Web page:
Berkeley's Blake Wake Revives Memories
as Telegraph Braces for Another Closing;
Bona Fide Hippies Dance to Dixieland
Reporters and cameramen outnumbered dancing (historic) hippy celebrants as Larry Blakes on Telegraph Avenue was laid to rest Saturday. Cause of death may have been suicide.
Blake's ailing business survivors on Teley are calling their doctors as La Fiesta, a mainstay on the Ave. for 50 years, just announced its impending sale.
Blake's survived several ownership changes in three decades. But recent changes, perceived declines in food and service, and a south of Market nightclub scene may have contributed to its own three-strikes demise.
While a weeping chorus of Teley businessmen complains often and loudly of conditions on Telegraph, Blake's, with its raucous early morning crowds blocking the sidewalk, may have shot itself through the head.
La Fiesta had moved a few years ago from its historic site at Teley and Haste to its catering site only a stone's throw away on Haste, but according to a source close to the owner, the daily operation of the business had become too much for its elderly owner.
Blake's, founded in 1940, is survived by such elder businesses as the Med,'56; Moe's,'56; the Print Mint,'65; Lhasa Karnak, '70; Bill's Clothes,'61; Annapurna,'67; Jim the Tailor, 62; and Fondue Fred's circa '70 at the former C.J.'s Garage.
As the Spirit of '29 Dixieland band drew on-lookers, the wake swelled to as much as 20 at its peak. Lynn Danielle, 67, the wake's organizer recalled her parents taking her to Blake's when she was only eight. She noted that U.C. alumni visiting campus from afar would first stop at Blake's before "setting a foot on campus."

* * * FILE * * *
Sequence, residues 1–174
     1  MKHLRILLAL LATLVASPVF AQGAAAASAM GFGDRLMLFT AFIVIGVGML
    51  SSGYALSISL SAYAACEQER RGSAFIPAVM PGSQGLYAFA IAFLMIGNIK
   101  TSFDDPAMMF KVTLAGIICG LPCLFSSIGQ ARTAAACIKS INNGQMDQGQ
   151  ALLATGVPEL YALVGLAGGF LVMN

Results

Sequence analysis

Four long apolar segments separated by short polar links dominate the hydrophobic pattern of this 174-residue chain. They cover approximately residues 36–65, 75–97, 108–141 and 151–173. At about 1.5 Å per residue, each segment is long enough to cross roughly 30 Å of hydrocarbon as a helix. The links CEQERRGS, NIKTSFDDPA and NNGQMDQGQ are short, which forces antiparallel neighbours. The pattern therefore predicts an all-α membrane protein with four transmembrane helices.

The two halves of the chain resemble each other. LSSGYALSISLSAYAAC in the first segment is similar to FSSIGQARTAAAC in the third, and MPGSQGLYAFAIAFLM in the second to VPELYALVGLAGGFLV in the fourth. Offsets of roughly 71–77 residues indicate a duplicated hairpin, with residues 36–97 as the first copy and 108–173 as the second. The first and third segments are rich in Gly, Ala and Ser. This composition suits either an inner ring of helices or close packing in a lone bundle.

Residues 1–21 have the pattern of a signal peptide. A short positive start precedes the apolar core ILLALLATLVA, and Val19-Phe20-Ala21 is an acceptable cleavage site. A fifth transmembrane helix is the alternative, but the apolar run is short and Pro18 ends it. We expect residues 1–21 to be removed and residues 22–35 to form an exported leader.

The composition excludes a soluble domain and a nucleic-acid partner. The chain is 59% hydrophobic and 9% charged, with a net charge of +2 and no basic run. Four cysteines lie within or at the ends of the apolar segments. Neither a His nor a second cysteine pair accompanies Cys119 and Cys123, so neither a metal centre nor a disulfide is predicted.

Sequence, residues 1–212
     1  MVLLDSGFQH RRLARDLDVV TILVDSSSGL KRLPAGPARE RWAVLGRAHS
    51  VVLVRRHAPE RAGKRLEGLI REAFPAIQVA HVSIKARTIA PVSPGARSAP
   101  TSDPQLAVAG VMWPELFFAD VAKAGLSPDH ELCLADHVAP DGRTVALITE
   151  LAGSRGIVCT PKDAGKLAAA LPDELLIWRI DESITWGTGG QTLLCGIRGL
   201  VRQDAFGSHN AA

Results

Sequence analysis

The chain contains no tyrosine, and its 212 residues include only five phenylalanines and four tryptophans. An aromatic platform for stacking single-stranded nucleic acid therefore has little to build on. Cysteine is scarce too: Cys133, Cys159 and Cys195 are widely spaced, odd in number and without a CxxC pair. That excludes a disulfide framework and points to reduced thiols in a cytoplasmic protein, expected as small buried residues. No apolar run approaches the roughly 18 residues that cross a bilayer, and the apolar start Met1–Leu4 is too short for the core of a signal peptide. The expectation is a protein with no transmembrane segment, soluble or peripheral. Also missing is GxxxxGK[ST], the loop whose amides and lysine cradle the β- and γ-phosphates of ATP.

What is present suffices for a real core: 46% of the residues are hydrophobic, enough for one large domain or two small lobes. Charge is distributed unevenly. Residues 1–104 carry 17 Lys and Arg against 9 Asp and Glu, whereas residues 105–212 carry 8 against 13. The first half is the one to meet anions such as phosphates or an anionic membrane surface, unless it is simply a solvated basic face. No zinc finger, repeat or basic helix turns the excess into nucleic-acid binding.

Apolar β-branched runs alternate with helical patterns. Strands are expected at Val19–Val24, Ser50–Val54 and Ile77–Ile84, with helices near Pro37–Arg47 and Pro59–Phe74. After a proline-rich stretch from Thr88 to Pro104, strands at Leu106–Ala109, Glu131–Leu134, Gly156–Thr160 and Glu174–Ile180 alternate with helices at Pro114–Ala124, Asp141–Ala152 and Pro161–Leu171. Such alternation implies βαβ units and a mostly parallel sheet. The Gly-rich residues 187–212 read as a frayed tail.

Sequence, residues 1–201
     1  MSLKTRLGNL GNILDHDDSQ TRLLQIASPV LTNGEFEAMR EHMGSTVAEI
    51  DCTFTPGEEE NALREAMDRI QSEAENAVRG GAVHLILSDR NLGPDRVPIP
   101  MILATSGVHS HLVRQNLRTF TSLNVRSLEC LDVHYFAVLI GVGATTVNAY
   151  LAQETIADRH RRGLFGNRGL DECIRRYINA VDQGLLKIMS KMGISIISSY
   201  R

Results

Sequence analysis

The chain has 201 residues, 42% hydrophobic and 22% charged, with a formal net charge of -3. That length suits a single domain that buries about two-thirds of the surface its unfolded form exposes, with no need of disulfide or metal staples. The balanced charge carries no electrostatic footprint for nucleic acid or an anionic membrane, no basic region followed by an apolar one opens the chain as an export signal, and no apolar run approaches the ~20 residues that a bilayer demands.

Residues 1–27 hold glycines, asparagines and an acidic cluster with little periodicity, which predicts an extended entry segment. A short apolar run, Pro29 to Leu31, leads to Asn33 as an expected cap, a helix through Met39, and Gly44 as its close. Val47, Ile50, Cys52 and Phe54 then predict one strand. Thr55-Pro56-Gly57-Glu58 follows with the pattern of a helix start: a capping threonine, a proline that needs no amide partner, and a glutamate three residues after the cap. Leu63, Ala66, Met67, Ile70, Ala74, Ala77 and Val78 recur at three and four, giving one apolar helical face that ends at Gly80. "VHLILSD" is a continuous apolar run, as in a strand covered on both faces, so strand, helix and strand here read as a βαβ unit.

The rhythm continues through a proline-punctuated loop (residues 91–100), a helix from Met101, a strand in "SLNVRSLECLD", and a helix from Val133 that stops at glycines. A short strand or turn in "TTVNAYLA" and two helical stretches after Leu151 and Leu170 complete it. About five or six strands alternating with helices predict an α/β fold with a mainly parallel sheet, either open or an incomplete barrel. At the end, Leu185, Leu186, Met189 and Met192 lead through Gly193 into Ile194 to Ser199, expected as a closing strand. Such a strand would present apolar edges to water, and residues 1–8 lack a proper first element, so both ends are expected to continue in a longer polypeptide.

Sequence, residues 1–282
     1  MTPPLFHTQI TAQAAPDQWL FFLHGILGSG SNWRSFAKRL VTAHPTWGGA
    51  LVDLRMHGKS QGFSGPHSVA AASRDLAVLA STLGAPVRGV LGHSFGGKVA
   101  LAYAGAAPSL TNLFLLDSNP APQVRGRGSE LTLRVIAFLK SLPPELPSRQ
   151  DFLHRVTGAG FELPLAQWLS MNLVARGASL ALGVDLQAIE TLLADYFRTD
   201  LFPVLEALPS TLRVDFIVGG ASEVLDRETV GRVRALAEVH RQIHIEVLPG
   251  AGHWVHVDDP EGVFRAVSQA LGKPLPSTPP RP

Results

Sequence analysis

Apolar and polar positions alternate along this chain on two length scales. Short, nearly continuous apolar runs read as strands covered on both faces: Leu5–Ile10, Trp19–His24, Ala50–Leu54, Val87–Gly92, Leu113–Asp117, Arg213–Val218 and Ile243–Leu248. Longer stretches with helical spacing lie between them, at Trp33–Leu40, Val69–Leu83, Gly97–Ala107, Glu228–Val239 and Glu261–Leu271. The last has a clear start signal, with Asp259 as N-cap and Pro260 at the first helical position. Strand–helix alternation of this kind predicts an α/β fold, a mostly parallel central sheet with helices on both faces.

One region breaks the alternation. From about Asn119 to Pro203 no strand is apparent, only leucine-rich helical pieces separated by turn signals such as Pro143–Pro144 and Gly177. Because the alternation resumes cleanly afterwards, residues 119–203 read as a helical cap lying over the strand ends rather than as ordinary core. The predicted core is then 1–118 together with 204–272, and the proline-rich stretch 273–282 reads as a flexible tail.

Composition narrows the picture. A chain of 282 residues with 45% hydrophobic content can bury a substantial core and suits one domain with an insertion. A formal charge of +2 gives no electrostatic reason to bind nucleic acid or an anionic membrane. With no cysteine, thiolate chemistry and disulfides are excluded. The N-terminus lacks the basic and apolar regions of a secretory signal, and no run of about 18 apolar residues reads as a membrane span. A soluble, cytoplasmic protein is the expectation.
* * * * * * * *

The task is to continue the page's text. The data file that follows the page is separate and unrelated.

Larry Blake, Blake's founder, who died in retirement in 1992, was recalled as an impresario, who rented an elephant and trainer to "walk" across the Bay Bridge adorned with the sign: "if you haven't been to Blake's, you haven't been to Berkeley."
Danielle recalled that Blake originally hired student waiters with what today would be called, “ ‘tude," who wore outlandish clothes and had their way with the customers. The sawdust-covered rathskeller floors were innovative at the time.
According to Danielle, Blake prepared his famous Caesar Salad every day for years, based on his own "secret" recipe.
According to the S.F. Chronicle, the "rathskeller" was Larry Blake's trademark, a subterranean beer hall where some of the Bay Area's best blues, jazz and R&B bands performed over the decades. The whole Berkeley clan gathered there, from Abbie Hoffman to Joe Kapp, from graduate students to campus janitors."
As the last famous Teley businesses die off--Sather Gate Jeweler's, site of filming on "The Graduate, 1969" was the most recent casualty--Berkeleyans are wondering where are the Larry Blakes of the future.
Ted Friedman had a beer in the Blake's rathskeller in '63.